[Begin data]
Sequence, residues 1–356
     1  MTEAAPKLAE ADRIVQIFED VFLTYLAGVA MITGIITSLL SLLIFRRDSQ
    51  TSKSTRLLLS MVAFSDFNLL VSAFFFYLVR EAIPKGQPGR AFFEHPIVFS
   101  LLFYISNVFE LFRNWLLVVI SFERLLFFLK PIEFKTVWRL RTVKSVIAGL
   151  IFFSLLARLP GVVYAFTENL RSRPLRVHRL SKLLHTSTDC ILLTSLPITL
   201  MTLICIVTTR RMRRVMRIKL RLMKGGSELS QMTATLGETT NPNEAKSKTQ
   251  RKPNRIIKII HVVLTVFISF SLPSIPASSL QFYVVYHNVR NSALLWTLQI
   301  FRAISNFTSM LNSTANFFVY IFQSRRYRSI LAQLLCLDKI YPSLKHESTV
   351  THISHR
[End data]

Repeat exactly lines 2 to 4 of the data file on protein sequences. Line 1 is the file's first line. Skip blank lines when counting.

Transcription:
     1  MTEAAPKLAE ADRIVQIFED VFLTYLAGVA MITGIITSLL SLLIFRRDSQ
    51  TSKSTRLLLS MVAFSDFNLL VSAFFFYLVR EAIPKGQPGR AFFEHPIVFS
   101  LLFYISNVFE LFRNWLLVVI SFERLLFFLK PIEFKTVWRL RTVKSVIAGL